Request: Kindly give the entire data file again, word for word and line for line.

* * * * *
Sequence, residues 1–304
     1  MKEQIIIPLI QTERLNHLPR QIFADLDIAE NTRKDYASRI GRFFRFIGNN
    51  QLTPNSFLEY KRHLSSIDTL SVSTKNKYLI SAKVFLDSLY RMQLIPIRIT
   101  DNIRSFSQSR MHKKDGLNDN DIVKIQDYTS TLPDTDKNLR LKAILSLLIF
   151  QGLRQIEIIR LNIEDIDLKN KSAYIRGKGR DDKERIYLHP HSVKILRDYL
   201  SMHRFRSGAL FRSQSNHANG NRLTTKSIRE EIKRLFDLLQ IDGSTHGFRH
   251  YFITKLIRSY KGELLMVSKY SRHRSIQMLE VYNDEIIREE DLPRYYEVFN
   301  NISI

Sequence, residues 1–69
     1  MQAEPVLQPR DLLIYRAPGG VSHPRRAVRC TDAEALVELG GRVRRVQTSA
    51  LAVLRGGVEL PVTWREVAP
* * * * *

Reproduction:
Sequence, residues 1–304
     1  MKEQIIIPLI QTERLNHLPR QIFADLDIAE NTRKDYASRI GRFFRFIGNN
    51  QLTPNSFLEY KRHLSSIDTL SVSTKNKYLI SAKVFLDSLY RMQLIPIRIT
   101  DNIRSFSQSR MHKKDGLNDN DIVKIQDYTS TLPDTDKNLR LKAILSLLIF
   151  QGLRQIEIIR LNIEDIDLKN KSAYIRGKGR DDKERIYLHP HSVKILRDYL
   201  SMHRFRSGAL FRSQSNHANG NRLTTKSIRE EIKRLFDLLQ IDGSTHGFRH
   251  YFITKLIRSY KGELLMVSKY SRHRSIQMLE VYNDEIIREE DLPRYYEVFN
   301  NISI

Sequence, residues 1–69
     1  MQAEPVLQPR DLLIYRAPGG VSHPRRAVRC TDAEALVELG GRVRRVQTSA
    51  LAVLRGGVEL PVTWREVAP